In his book The Great Christian Heresies, Hilaire Belloc described Islam as a threat to the West - and counted it as a Christian heresy.
"Millions of modern people of the white civilization-that is, the civilization of Europe and America- have forgotten all about Islam. They never come in contact with it. They take for granted that it is decaying, and that, anyway, it is just a foreign religion which will not concern them. It is, as a fact, the most formidable and persistent enemy which our civilization has had, and may at any moment become as large a menace in the future as it has been in the past."
Certainly the extreme forms of Islam have become a world-wide threat in the last few decades. Belloc proved prophetic in that.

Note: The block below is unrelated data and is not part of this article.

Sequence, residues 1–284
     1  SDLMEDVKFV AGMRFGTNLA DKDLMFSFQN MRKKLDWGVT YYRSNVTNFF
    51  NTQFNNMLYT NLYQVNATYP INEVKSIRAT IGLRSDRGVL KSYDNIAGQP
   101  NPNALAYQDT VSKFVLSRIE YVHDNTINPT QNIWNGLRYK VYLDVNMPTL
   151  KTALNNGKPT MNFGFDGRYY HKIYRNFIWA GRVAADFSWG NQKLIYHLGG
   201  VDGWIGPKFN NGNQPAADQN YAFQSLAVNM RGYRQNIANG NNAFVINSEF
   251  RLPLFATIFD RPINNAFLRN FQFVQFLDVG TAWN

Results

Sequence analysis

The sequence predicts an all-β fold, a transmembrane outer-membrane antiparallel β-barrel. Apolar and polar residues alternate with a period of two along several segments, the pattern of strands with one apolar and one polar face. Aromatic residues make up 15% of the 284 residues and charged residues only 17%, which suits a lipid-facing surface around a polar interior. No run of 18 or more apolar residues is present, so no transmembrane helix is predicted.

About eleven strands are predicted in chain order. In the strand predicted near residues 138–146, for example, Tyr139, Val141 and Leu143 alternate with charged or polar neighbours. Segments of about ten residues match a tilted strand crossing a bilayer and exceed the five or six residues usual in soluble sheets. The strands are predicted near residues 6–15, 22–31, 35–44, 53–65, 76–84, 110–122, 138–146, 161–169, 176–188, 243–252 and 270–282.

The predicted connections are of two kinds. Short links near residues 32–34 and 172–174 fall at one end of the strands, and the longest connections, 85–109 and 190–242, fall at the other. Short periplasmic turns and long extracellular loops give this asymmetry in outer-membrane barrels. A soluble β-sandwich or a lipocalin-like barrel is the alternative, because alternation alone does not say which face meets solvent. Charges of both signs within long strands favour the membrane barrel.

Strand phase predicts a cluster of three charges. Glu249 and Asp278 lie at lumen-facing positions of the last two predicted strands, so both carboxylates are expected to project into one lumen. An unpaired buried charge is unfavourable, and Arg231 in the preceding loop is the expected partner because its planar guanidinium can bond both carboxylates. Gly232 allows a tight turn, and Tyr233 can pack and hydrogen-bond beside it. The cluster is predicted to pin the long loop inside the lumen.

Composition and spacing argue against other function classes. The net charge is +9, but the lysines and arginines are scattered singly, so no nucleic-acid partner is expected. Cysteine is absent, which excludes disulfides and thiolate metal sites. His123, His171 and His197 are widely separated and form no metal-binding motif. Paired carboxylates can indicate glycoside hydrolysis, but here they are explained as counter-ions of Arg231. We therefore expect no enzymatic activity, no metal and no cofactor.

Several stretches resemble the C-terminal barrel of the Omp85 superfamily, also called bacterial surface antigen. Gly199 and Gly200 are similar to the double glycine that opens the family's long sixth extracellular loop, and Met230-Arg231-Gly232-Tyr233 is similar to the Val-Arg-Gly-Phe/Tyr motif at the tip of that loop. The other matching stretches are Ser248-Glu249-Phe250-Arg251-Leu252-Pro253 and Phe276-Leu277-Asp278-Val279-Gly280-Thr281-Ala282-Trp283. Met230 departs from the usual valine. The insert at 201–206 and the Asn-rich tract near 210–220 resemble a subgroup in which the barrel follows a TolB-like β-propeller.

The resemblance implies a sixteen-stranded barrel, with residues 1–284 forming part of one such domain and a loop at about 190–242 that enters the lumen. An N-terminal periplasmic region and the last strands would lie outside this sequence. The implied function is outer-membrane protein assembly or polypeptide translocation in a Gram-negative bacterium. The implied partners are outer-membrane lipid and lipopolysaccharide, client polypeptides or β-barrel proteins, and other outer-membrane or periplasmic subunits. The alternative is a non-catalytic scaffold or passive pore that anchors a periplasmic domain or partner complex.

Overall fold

But I also find his argument that Islam is a Christian heresy interesting.
According to Belloc, what Mohammad "taught was in the main Catholic doctrine, oversimplified. It was the great Catholic world - on the frontiers of which he lived, whose influence was all around him and whose territories he had known by travel-which inspired his convictions."
Belloc argued that "the very foundation of his teaching was that prime Catholic doctrine, the unity and omnipotence of God."
"But the central point where his new heresy struck home with a mortal blow against Catholic tradition was a full denial of the Incarnation."
"He taught that our Lord was the greatest of all the prophets, but still only a prophet; a man like other men. He eliminated the Trinity altogether."
An intriguing line of argument.
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